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Valhalla Ratisbon – the Bavarian Acropolis
The Valhalla Ratisbon is one of the most striking buildings that Bavaria has to offer. It is reminiscent of a temple. She has no religious background at all. It is a memorial, a particularly impressive memorial. The magnificent building towers above the small town of Donaustauf with a view of the Danube. The pillars are mighty. My little son speaks of the Bavarian Acropolis. And he’s right: The Valhalla is very similar to the Parthenon Temple on the Acropolis. However, the Acropolis is far less well preserved than the Valhalla. We have also been to Athens with children and we looked at the city and the temple. The similarity of the two buildings is not accidental: the magnificent Greek building in Athens was the model for the Bavarian palace. Carl Haller von Hallerstein was entrusted with planning the memorial. In his search for the perfect building, he looked to the Acropolis in Athens. Thanks to a grant from the Bavarian king, he traveled to Athens and got the architectural ideas from Greece. This is the reason for the similarity to the well-known Greek temple. Today the Valhalla towers imposingly over the surroundings, just as the temple on the Acropolis shines over Athens.
But unlike Greece, where the Acropolis is in the middle of the city, the Bavarian Acropolis is in the countryside. By the way, that wasn’t originally planned! King Ludwig I actually wanted the magnificent building to be built in Munich . The building was supposed to be in the English Garden. In the search for the perfect place for the magnificent temple, there was a change of plan. Together with the architect Klenze, the king found the location in the Danube valley. The Bräuberg near Donaustauf seemed ideal to them. This is how things were planned and built near Regensburg: Today, the huge structure towers mightily and sublimely over the landscape in Bavaria.
When was Valhalla built?
On October 18, 1830, the foundation stone was laid on the Bräuberg in Donaustauf. The date of the laying of the foundation stone was specially selected: it is the 17th anniversary of the Battle of the Nations near Leipzig . This event is connected with the shameful defeat of the German people. With the construction of the Valhalla Ratisbon, a sign for Germany and its inhabitants should be set – as well as with the Monument to the Battle of the Nations in Leipzig. The Valhalla took twelve years to build. The completion of the huge stone monument was in 1842. Incidentally, the white stone comes from the Altmühltal, near Kelheim. In this respect, the Valhalla has a connection to Kelheim – even if it is not built there, as many people wrongly believe. Kelheim is home to another well-known attraction, the Danube Gorge. But back to the Hall of Fame: the opening ceremony was again scheduled for October 18th. King Ludwig I opened the Walhalla on October 18, 1842 with these words:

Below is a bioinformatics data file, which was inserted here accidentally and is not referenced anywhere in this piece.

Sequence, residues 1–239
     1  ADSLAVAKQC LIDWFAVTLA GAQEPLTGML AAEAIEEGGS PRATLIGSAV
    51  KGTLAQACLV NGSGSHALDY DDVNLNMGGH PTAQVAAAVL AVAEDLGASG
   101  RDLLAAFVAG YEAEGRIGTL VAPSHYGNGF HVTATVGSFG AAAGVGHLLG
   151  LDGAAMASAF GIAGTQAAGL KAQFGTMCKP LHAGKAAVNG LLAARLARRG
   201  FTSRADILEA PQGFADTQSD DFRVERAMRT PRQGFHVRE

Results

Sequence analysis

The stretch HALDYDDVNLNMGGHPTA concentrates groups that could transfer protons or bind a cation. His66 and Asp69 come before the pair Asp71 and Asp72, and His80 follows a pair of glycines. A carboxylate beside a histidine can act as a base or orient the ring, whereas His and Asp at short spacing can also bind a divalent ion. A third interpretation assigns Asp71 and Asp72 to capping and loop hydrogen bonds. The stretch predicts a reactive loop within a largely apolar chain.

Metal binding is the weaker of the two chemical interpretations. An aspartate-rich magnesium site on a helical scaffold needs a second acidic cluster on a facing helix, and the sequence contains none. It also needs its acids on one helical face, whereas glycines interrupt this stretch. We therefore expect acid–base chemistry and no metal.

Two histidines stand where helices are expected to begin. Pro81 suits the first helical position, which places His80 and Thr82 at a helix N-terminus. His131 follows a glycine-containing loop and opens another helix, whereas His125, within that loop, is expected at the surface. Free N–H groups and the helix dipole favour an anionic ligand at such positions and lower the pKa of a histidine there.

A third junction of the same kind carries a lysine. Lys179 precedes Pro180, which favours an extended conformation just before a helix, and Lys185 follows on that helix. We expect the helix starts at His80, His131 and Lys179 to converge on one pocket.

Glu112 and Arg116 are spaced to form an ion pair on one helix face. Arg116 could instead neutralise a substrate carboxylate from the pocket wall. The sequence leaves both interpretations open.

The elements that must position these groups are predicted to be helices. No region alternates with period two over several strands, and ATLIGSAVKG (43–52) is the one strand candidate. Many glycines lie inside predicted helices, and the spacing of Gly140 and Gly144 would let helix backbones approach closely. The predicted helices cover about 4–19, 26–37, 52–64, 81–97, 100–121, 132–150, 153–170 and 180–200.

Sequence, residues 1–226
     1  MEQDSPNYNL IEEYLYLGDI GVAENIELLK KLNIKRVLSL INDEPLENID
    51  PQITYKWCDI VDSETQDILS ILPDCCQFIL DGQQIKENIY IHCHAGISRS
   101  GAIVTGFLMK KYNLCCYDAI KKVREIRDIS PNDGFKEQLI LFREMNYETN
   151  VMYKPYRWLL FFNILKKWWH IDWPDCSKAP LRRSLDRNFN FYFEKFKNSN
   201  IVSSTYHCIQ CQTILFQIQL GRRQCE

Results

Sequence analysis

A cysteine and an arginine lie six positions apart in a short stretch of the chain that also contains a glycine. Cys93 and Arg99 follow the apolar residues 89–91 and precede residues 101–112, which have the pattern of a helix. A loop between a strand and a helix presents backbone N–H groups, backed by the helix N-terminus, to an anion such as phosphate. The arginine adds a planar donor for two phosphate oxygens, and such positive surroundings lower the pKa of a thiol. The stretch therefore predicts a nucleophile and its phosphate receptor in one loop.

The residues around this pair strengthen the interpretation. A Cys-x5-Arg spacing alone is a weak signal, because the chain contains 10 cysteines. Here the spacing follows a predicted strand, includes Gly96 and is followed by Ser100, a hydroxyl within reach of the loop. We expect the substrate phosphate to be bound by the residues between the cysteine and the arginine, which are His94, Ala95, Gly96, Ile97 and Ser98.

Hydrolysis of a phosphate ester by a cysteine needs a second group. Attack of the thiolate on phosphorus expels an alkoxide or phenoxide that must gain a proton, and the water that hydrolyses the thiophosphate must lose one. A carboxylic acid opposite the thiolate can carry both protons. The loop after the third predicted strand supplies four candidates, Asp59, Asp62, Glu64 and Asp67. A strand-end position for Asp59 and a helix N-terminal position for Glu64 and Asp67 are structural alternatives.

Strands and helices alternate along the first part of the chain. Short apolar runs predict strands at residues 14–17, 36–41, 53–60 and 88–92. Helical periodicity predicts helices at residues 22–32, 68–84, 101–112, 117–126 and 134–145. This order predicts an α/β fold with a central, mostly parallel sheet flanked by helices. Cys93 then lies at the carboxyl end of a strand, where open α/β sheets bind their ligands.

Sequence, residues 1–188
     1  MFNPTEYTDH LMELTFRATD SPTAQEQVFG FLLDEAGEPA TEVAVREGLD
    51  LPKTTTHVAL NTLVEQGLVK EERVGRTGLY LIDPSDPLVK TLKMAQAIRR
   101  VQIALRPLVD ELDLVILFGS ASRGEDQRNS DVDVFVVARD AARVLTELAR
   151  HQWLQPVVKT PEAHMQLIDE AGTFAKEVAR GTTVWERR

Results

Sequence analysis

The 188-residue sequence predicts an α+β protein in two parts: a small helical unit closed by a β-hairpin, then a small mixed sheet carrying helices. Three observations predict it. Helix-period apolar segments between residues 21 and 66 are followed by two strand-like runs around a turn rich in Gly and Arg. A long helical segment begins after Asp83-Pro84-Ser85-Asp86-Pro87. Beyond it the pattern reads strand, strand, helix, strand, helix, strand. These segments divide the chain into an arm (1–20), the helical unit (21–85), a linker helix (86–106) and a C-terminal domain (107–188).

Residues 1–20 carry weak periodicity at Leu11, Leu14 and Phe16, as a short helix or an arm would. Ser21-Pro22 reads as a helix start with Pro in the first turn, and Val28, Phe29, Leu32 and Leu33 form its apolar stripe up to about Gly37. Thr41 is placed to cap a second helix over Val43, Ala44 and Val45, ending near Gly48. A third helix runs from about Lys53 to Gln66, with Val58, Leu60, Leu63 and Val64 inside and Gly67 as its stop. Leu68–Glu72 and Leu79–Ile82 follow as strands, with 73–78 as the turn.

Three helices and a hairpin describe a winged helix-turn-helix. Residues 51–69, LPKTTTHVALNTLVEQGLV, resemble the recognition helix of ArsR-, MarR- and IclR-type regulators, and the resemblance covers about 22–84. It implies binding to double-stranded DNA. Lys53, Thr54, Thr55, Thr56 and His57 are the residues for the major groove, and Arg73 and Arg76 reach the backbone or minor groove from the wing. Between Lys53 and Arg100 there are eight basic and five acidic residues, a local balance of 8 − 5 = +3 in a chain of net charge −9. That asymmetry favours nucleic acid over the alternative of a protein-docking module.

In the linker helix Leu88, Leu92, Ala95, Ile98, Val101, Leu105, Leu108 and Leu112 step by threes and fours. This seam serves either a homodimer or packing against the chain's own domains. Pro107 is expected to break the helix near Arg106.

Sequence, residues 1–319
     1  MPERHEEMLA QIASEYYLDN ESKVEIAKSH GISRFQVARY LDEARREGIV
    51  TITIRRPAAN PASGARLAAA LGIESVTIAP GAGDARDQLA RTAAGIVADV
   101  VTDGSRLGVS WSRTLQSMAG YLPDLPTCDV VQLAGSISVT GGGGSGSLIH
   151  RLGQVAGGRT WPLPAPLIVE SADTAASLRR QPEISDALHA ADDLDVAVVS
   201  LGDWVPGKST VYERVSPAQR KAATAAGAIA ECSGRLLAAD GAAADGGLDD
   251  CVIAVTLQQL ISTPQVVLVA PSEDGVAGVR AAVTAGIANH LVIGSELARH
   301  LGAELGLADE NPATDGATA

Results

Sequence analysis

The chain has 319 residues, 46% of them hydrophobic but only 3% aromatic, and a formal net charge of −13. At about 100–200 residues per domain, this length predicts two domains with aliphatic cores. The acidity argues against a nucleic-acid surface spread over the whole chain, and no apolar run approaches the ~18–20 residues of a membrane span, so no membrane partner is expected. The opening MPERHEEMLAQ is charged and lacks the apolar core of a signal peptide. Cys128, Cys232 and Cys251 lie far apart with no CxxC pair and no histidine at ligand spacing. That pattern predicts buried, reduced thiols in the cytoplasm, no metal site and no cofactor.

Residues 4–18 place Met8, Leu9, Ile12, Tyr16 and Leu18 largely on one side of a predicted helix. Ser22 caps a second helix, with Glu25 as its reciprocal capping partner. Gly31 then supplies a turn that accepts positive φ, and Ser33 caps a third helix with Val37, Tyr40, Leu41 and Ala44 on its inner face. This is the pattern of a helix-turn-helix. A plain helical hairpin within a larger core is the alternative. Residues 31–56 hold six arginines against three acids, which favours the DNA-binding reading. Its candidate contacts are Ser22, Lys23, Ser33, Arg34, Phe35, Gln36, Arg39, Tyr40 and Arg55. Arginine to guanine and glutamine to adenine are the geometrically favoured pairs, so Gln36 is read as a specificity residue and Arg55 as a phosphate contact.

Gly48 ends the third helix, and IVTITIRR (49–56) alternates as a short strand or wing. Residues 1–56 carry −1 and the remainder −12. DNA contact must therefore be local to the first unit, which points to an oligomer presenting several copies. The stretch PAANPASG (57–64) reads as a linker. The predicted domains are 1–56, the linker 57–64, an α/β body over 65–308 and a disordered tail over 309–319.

„May Walhalla be conducive to the strengthening and multiplication of German senses! May all Germans, whatever their tribe, always feel that they have a common fatherland, a fatherland of which they can be proud, and everyone should contribute as much as they can to its glorification.”King Ludwig I, at the opening
Why was the Valhalla Ratisbon built?
The construction of the Temple of Fame was politically desired. After the defeat against Napoleon and the dissolution of the Holy Roman Empire, a monument was to be built to create self-confidence in the Germans. It had to be powerful , sublime and something special. The German Hall of Fame has been planned since 1810. Today you can see the result at your visit to the Walhalla.
–> what to see inside the Valhalla
What is the Valhalla Ratisbon?
Today the Walhalla is one of the most visited sights in Bavaria . At the same time, it is one of the top 100 sights in Germany. The magnificent temple with no religious background attracts hundreds of thousands of visitors every year. It’s a great trip from Regensburg to the Walhalla. You can climb up the giant stone steps from the Danube or just take the short walk from the parking lot to the Temple of Fame. I love walking between the huge stone pillars with the view over the Danube. Those interested in culture visit the interior of the building. You have to pay for the entrance in the monument. The whole sourrouding can be reached free of charge. If you like hiking, you can go hiking. Below I give you my hinte which Valhalla hike is particularly beautiful. Before that, information about admission and opening times:
–> Valhalla admission
–> Valhalla opening times
This is what you should know about the Valhalla Ratisbon
In the interior of the Walhalla, 130 busts of well-deserving personalities with a „German tongue“ are on display. There are also 64 commemorative plaques for people who have achieved something extraordinary, but whose portrait has not survived. This includes, for example, the poet of the Nibelungenlied, the builder of the Cologne Cathedral or the inventor of the pocket watch.
By the way: The spiritual builder of the Walhalla, King Ludwig I, was included in the select group of busts after his death. You can find his bust inside. New busts are constantly being added. The Bavarian Council of Ministers appoints them on the recommendation of the Bavarian Academy of Sciences. You can suggest anyone. If your proposal is accepted, the full costs of more than 30,000 euros must be borne.